California May Allow County Fair Vendors To Sell Cannabis Alongside Churros
County fairs are typically the stuff of food legend, serving such unique dishes as deep-fried white castle hamburgers to deep-fried Jack Daniels alongside vomit inducing rides and games the most clever mafioso would be proud of. Soon, however, you may be able to buy pot along with your corn dogs.
According to the Senate Bill 94 attached to California’s budget, cannabis businesses could (and likely will) apply for a temporary license to sell their products at fairgrounds.
“The business that’s applying for it will have to meet every regulation and every requirement of the entire regulatory framework,” says Hezekiah Allen, head of the 1,000 people strong California Growers Association.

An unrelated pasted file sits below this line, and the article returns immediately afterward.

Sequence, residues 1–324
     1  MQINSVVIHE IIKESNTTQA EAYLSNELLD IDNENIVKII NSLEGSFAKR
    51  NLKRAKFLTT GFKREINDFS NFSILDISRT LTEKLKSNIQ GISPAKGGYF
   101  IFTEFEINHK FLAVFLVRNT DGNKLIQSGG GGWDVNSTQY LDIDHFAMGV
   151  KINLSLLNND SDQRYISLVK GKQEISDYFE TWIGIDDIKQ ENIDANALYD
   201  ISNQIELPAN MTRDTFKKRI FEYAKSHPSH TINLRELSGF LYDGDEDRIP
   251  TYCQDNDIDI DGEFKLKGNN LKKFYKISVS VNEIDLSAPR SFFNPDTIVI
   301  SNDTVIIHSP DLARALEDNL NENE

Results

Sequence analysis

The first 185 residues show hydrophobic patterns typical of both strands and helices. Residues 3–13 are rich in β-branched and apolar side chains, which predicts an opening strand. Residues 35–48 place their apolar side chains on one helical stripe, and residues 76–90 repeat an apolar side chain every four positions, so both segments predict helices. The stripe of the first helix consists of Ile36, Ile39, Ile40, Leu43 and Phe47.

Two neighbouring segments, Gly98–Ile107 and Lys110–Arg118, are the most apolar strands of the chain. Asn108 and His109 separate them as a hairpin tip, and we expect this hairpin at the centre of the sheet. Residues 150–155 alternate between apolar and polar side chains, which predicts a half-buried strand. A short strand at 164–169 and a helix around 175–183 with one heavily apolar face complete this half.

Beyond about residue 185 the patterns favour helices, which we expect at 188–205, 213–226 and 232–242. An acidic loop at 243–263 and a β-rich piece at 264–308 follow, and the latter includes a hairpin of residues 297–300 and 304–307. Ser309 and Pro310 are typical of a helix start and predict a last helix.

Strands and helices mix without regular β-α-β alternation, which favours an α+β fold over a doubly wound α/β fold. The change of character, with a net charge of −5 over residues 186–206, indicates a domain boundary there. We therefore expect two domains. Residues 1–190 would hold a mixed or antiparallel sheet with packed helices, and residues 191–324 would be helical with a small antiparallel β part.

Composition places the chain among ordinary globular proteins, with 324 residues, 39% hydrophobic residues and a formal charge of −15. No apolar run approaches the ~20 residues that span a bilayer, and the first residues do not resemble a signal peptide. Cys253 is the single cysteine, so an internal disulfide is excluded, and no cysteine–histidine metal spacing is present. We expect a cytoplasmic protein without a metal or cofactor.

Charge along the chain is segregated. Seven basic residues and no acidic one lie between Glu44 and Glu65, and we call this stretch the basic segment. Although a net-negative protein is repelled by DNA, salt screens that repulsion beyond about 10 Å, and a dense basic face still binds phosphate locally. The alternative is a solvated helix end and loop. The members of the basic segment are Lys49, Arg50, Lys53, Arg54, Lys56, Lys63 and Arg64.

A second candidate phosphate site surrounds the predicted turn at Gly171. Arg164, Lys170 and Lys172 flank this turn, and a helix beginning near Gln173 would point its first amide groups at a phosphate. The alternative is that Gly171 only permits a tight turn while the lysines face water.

He says the pot shops at fairs would still need to have state-mandated protections.
“They’ll have to ensure that only folks over 21 have access to the area where the cannabis is present and that the area isn’t even visible,” he says.
Due to SB94’s ambiguity, especially in regards to alcohol and marijuana being sold simultaneously, contentious voices have already begun to rise above the din of excited potheads.
“We’re just allowing a greater exposure to those unhealthy items at a county fair,” says Brook Lowe, a member of CALM, a group opposing marijuana legalization. “I think that it is deplorable.”
Currently, most marijuana sales are done from a brick and mortar dispensary. SB94 would effectively take the product outside those walls.
“I think the regulatory agencies will deal with those questions in the next couple of months,” says Allen.
Lowe on the other hand, worries there may be unintended consequences by having cannabis businesses included in fairs.
“It sends a message to the kids that this is normal,” he says.